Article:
Training has begun!

Two weeks ago we left for our village that we are doing our training in. When we arrived there was a big welcoming celebration for us with dancing and music. We are living in a large village in the maritime region (I can’t say where for safety reasons). I’m living with a host family until August when I move to my permanent post. I won’t know where that is until Mid-July after my language assessment. I have a host mom who is so kind and genuinely worries about me all the time. She goes around telling everyone I’m her daughter and they can’t call me “yovo”, which is pretty hilarious. “Yovo” is the word for lighter skinned foreigner. I also have a host brother who is pretty shy around me, but loves to help me with cleaning. We play soccer with the other village kids on the weekend and I’ve taught him some card games.

  
Me with my host mom and brother wearing the pagne my host Mom made me.

I’m living in a pretty nice house for our village, we have electricity pretty often, a well in the yard with plenty of water in it, many goats, and many chickens. 

Me in front of my room at the compound 

The training days are some of the hardest in Peace Corps. It is great for learning the language and total immersion. A typical day for me, I wake up around 5:30, because the roosters start around 4 on my roof. Then I sweep my room (it’s a cultural norm here to be very clean and dress very well), then I take a bucket bath, which I think is highly under rated because I never stop sweating here and a cold bucket bath is magical. After I eat breakfast with my host Mom, which is usually fruit and Nescafé. Coffee is grown in Togo, but it is exported and can’t be found easily. Then I bike to school, which is about a 30 minute ride. We have school from 7:30 or 8 am to 5:30 or 6 pm and then I bike home usually in the dark. When I get home I try and help my host mom make dinner, do some sort of exercise, take a bucket bath, eat dinner, and go to bed around 9. We don’t always have electricity, but when I do I study French in the evening and practice with my host family. It is pretty exhausting to speak French all the time and be in school for 8-10 hours a day, but I am really loving Togo.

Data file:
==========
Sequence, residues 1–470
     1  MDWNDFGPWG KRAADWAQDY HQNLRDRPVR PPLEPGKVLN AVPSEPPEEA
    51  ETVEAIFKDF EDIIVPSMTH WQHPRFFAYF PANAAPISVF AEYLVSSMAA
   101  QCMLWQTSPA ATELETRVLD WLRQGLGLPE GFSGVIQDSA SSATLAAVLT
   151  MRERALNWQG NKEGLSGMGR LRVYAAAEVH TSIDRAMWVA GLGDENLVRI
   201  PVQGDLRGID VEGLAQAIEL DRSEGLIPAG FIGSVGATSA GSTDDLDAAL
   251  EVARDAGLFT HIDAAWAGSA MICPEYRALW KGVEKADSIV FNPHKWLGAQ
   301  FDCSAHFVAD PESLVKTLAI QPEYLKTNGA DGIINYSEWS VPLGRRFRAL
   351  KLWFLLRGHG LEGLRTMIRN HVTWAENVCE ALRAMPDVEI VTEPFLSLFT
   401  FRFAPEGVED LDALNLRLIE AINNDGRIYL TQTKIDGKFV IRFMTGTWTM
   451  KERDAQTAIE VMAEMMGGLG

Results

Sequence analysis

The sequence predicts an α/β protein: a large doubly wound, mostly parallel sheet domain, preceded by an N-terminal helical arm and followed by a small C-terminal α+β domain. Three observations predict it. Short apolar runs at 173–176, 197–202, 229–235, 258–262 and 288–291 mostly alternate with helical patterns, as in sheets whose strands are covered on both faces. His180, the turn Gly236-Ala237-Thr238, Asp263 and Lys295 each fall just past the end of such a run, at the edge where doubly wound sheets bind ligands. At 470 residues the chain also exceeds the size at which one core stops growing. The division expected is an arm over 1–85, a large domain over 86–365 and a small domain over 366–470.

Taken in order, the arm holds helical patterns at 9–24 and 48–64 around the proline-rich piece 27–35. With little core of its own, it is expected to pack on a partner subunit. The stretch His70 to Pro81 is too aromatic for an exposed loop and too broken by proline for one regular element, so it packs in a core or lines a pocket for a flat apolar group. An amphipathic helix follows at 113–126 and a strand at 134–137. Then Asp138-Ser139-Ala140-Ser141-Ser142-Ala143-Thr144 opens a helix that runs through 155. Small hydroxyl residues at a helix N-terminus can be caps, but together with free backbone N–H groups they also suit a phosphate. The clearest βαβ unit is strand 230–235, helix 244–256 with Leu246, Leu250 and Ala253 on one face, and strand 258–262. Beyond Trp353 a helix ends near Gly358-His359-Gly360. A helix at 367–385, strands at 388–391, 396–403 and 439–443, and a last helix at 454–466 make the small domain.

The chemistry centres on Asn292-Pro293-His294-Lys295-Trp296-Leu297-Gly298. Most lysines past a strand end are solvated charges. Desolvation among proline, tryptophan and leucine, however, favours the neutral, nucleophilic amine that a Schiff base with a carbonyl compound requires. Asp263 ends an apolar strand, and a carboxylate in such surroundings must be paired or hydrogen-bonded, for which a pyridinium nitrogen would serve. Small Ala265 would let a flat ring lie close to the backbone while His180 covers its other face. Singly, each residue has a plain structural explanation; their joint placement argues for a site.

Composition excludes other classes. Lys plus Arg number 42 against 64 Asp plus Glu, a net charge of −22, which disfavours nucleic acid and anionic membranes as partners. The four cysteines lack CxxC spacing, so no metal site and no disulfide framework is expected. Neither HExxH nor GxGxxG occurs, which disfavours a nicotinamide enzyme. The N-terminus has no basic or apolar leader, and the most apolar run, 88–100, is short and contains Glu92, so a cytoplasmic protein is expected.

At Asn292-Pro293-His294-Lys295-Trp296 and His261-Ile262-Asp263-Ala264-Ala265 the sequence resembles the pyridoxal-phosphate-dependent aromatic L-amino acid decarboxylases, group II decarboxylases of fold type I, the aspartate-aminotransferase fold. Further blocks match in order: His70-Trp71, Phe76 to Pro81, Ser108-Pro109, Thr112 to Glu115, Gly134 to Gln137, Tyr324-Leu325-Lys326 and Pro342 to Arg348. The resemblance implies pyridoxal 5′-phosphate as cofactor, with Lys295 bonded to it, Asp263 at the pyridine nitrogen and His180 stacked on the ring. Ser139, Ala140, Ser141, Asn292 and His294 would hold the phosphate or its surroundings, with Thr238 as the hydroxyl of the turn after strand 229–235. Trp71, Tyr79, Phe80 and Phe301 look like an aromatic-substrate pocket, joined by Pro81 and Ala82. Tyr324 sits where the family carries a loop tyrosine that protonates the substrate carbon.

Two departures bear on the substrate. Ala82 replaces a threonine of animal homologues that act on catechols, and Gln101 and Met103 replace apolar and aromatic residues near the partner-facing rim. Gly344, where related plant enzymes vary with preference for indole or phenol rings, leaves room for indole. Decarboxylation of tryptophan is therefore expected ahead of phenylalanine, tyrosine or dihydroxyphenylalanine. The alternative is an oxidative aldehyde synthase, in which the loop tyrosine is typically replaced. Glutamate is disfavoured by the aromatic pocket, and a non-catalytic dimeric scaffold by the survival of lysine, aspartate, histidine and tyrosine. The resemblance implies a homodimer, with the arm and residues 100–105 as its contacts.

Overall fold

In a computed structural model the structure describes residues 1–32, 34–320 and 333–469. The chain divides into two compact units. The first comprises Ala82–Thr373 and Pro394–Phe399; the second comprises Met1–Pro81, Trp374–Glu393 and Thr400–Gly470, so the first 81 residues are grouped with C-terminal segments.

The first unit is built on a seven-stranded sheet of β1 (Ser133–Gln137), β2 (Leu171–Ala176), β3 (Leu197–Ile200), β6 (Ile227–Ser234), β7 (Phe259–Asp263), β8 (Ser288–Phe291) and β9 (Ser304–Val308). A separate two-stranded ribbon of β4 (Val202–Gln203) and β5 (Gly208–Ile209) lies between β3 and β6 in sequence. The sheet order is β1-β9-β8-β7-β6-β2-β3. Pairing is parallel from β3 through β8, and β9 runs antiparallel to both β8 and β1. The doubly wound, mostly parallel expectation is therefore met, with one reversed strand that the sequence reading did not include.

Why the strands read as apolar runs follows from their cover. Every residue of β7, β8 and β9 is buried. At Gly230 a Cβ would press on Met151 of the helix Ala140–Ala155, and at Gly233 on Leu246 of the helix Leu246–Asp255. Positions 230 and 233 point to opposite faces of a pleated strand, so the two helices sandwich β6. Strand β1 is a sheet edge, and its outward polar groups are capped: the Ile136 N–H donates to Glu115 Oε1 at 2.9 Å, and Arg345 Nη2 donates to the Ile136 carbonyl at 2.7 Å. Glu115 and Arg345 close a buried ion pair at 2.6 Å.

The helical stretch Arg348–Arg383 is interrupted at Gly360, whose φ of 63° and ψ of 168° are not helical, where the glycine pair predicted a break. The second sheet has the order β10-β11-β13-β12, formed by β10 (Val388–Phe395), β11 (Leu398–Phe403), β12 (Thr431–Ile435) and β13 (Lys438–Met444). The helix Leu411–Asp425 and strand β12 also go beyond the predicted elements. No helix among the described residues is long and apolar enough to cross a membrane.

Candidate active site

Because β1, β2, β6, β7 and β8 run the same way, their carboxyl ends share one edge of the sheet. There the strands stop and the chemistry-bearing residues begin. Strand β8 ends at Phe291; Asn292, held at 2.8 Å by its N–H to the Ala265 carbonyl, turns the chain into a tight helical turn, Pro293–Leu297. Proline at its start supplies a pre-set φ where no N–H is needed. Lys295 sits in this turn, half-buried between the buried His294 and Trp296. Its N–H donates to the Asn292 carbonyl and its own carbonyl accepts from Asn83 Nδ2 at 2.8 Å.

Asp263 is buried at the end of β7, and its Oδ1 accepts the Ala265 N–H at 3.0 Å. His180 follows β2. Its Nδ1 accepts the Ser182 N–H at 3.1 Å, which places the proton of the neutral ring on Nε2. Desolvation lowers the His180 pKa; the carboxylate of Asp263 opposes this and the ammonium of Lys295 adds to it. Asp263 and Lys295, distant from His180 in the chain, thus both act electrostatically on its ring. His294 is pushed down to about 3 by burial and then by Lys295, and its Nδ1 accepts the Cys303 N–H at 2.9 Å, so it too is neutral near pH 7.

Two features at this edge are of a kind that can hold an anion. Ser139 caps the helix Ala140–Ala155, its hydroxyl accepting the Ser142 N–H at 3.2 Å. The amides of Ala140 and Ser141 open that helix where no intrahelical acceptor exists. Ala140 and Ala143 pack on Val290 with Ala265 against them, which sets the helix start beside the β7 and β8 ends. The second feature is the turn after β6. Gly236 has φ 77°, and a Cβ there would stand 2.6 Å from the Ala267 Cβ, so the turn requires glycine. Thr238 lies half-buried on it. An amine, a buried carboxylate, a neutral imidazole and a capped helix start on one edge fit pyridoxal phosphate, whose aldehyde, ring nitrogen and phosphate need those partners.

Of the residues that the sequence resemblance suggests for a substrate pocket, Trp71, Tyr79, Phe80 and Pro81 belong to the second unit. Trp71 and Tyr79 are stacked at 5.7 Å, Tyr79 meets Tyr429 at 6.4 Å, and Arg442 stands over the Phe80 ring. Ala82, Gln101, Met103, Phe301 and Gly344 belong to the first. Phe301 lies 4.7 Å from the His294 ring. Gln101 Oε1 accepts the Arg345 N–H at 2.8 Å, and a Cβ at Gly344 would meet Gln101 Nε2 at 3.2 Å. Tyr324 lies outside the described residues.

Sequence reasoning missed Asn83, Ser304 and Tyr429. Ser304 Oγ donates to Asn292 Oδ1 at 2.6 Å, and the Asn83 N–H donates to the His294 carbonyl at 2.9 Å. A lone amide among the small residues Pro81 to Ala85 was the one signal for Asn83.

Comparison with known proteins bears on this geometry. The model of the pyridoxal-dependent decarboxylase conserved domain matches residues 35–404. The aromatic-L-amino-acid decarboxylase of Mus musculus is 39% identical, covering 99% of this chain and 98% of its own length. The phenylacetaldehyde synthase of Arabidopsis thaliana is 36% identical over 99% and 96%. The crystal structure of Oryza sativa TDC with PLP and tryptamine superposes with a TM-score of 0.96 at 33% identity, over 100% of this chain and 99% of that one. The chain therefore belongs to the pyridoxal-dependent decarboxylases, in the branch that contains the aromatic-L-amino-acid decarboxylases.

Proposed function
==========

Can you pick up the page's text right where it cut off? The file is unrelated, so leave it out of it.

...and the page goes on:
The people here are so kind and genuine. There’s a bridge made of wood slats that I have to bike over to get the school and the other day a person cut me off when I was merging onto the road and I had to swerve out of the way, which meant me landing waist deep in mud/ potentially sewage. Everyone around me rushed over to help pull me out. I was covered in mud, and my shoes were broken, but I was totally fine. I went back to my house and took a bucket bath and changed clothes, but I had a crowd of people follow me home to tell my host mom what happened.

Our French Class and teacher Honore.

  
The food has been pretty good. The first few days my host mom made donuts because she thought that’s what Americans ate, but after I told them I like Togolese food she has made a variety of things. Vegetables are difficult to find this time of year because harvesting season is in December. So I have been eating a lot of fruit and rice with beans. It’s currently the rainy season and coolest time of year, I’m not sure how that’s possible since it is crazy hot.
Internet is difficult to access here, but I will try to update again soon!

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